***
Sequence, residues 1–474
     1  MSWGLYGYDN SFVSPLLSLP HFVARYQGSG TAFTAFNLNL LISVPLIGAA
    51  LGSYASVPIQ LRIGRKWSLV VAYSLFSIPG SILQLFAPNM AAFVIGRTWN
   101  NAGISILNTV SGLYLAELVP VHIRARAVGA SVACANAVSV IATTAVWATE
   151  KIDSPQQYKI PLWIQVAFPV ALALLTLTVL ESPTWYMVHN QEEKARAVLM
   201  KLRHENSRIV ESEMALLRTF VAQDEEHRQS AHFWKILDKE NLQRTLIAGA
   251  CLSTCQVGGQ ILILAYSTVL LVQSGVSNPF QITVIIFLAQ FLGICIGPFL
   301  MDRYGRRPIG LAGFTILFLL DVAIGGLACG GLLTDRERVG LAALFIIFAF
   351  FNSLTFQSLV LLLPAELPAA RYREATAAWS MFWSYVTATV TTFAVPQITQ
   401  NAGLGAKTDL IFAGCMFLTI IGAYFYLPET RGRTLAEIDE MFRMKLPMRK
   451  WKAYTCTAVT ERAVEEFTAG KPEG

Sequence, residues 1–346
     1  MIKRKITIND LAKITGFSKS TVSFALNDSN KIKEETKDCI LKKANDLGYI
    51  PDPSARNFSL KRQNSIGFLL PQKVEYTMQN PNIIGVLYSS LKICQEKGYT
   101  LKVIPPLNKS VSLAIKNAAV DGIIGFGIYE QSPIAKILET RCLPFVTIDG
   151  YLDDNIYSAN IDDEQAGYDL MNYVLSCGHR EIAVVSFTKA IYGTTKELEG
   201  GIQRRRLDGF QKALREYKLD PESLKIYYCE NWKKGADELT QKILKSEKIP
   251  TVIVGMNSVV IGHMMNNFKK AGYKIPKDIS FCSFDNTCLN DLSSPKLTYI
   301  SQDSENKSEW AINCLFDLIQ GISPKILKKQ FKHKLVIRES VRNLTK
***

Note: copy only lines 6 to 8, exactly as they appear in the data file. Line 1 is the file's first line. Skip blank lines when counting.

   201  KLRHENSRIV ESEMALLRTF VAQDEEHRQS AHFWKILDKE NLQRTLIAGA
   251  CLSTCQVGGQ ILILAYSTVL LVQSGVSNPF QITVIIFLAQ FLGICIGPFL
   301  MDRYGRRPIG LAGFTILFLL DVAIGGLACG GLLTDRERVG LAALFIIFAF